An accompanying note from the author of the following poem speaks of the pace and demands of life at the moment she is moved to lay down these words she describes as her “cry of desperation.”
With her permission, we share her composition on behalf of a multitude of moms who can relate to her desperation—the tension between profession and motherhood; between love for public ministry and love for your private charge, of value that cannot be equaled. Moms who are constantly torn between serving out of their giftedness and serving their own womanhood; between earnings that reward years of professional preparation, and maternal duties that cannot be delegated, as well as thrills that cannot be surpassed. You’re doing what no heart and body but yours can do—carry your child for all those months, bring her into the light, and feed her not just for yourself but from yourself. Being the prime minister (PM)—like New Zealand’s Jacinda Arden, or the senator (Sen.)—like Tammy Duckworth of Illinois, gives you a turn at making history. But those two little girls—PM Arden’s precious 3-month-old Neve and Sen. Duckworth’s newly born Maile—hardly make things easier for either of their moms, or for millions of other moms who can’t even console themselves with “I’m paving the way for other moms tomorrow.” Your agendas keep filling, but your heart already is full—at hearing baby’s cries, at having to leave her behind, against every natural yearning to be with her day and night. Your question is, “What should I do now?”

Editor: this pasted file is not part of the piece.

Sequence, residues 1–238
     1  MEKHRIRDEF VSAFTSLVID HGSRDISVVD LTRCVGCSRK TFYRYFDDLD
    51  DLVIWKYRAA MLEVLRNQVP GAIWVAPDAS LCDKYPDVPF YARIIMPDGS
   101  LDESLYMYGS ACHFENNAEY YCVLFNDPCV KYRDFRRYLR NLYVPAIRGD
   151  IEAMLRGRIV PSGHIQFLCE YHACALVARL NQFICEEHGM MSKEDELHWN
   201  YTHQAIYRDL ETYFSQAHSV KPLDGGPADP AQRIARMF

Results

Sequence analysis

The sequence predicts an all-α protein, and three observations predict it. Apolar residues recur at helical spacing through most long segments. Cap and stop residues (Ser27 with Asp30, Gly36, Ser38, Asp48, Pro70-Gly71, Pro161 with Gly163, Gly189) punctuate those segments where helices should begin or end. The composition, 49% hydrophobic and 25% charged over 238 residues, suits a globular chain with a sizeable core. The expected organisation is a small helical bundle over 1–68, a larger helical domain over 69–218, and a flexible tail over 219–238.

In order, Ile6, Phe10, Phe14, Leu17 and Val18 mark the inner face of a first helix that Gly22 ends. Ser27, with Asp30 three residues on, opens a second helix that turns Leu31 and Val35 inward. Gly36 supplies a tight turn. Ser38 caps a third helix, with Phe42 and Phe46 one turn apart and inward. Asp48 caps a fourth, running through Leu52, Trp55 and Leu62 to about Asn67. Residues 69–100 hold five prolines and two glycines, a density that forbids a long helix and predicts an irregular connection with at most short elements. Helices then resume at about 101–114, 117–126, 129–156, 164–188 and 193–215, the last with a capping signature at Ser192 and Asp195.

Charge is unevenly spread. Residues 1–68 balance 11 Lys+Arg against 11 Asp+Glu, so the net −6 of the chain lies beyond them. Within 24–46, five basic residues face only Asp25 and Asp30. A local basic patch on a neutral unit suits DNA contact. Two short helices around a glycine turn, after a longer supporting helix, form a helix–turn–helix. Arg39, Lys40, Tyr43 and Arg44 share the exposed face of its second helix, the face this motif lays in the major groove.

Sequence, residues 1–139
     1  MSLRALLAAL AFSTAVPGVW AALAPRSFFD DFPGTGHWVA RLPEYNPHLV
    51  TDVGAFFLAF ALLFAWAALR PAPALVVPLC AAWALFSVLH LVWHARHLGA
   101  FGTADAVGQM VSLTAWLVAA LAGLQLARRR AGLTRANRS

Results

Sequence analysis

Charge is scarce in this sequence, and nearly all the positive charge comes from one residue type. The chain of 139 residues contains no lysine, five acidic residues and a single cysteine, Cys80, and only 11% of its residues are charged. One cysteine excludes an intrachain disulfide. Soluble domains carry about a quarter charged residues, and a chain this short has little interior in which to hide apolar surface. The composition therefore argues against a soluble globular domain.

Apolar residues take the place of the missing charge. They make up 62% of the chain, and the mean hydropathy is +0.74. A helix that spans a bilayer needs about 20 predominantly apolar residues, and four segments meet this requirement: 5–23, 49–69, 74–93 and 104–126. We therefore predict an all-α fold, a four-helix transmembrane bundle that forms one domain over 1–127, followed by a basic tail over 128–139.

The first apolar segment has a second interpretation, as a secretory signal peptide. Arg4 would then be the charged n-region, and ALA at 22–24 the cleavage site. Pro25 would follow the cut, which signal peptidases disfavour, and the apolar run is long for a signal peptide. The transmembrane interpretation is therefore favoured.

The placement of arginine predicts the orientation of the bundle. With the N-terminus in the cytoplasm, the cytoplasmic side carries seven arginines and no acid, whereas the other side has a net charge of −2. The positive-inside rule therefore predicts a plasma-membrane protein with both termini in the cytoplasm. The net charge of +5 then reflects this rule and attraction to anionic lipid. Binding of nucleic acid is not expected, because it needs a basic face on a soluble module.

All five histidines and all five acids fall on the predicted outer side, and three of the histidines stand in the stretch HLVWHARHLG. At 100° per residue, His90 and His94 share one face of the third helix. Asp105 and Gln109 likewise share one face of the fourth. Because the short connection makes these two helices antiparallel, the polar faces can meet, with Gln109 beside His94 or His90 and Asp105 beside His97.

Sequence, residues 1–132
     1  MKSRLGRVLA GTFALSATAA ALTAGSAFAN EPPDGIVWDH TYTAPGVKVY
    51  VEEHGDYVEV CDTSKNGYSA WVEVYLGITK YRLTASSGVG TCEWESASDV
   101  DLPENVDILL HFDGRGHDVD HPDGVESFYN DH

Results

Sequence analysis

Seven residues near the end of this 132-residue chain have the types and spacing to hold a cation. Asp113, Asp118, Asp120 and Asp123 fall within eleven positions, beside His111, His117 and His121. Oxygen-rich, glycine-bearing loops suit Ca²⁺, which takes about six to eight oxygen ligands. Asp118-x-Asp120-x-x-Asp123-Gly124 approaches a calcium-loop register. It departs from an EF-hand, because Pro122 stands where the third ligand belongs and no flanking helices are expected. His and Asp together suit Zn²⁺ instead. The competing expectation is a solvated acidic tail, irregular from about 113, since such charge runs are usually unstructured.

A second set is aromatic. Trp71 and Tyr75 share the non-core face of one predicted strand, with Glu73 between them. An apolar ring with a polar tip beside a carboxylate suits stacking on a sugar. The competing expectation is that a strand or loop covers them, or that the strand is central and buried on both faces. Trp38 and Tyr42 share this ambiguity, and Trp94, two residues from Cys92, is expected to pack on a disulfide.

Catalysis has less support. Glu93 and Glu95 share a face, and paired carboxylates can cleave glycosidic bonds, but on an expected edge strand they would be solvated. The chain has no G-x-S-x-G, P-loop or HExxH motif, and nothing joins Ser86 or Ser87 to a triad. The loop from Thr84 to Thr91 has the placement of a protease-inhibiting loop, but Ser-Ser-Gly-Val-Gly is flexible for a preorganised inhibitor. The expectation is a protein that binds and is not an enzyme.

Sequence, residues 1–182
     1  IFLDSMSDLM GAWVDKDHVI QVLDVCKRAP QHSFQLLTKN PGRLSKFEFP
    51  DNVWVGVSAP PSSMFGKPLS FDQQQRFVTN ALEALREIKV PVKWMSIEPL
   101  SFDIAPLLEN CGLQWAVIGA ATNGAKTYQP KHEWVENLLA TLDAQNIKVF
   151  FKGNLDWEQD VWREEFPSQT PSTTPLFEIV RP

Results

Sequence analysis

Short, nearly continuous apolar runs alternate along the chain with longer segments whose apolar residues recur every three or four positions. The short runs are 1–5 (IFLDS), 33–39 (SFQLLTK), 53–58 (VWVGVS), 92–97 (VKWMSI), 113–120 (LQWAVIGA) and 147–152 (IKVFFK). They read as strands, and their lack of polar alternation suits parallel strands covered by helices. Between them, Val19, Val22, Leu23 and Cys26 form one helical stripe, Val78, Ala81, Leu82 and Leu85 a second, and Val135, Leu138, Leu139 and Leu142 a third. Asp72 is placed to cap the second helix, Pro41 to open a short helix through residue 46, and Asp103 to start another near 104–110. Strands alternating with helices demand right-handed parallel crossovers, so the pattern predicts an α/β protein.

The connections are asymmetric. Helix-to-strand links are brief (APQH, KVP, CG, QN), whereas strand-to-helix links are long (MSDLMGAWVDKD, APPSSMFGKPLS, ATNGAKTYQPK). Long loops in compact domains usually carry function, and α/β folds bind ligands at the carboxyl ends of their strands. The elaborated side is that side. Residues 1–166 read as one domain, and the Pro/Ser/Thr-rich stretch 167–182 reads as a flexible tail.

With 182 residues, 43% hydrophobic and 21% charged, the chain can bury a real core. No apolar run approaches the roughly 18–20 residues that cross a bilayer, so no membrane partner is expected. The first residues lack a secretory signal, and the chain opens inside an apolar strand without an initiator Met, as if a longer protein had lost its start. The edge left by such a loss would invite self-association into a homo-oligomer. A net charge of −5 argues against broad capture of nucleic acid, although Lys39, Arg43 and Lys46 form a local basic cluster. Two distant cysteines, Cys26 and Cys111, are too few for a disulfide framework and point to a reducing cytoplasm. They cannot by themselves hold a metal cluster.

Our prayer, dear reader, is that you find in one mother’s cries to her God, both the expressions of your own anguish and the consolations of your faith; both your dismay at the storm that threatens your equilibrium and, at the end, the faith-filled reassurance in your God that anchors you, and other mothers, and all God’s children, with Jesus, within the second veil.—Editors.
We’re coming down to the wire, Lord,
And we’re not sure what to do;
Our problems are closing in on us,
But our eyes are turned to You.*
You’ve parted seas, floated axe heads,
You’ve even raised up the dead;
Empty jars have overflowed with oil,
From heaven you’ve rained down bread.
Dry rocks have spouted water;
You’ve turned water into wine;
Violent storms became a gentle breeze;
The sun stayed still to shine.
Five loaves have fed a multitude;
Haters have themselves undone;
A 90-year-old had a baby boy;
Predicted futures have begun.
It’s clear that nothing’s too hard for You,
And as it’s darkest just before dawn,
So You provide at just the right time,
And, from adversity, faith is born.
* Saturated as it is with scriptural allusions from opening to climax, none of the poem’s stanzas more effectively expresses and encompasses the breadth and scope of the poet’s contemplation—from human fear to unconquerable hope in God—than does this first (see 2 Chron. 20:12).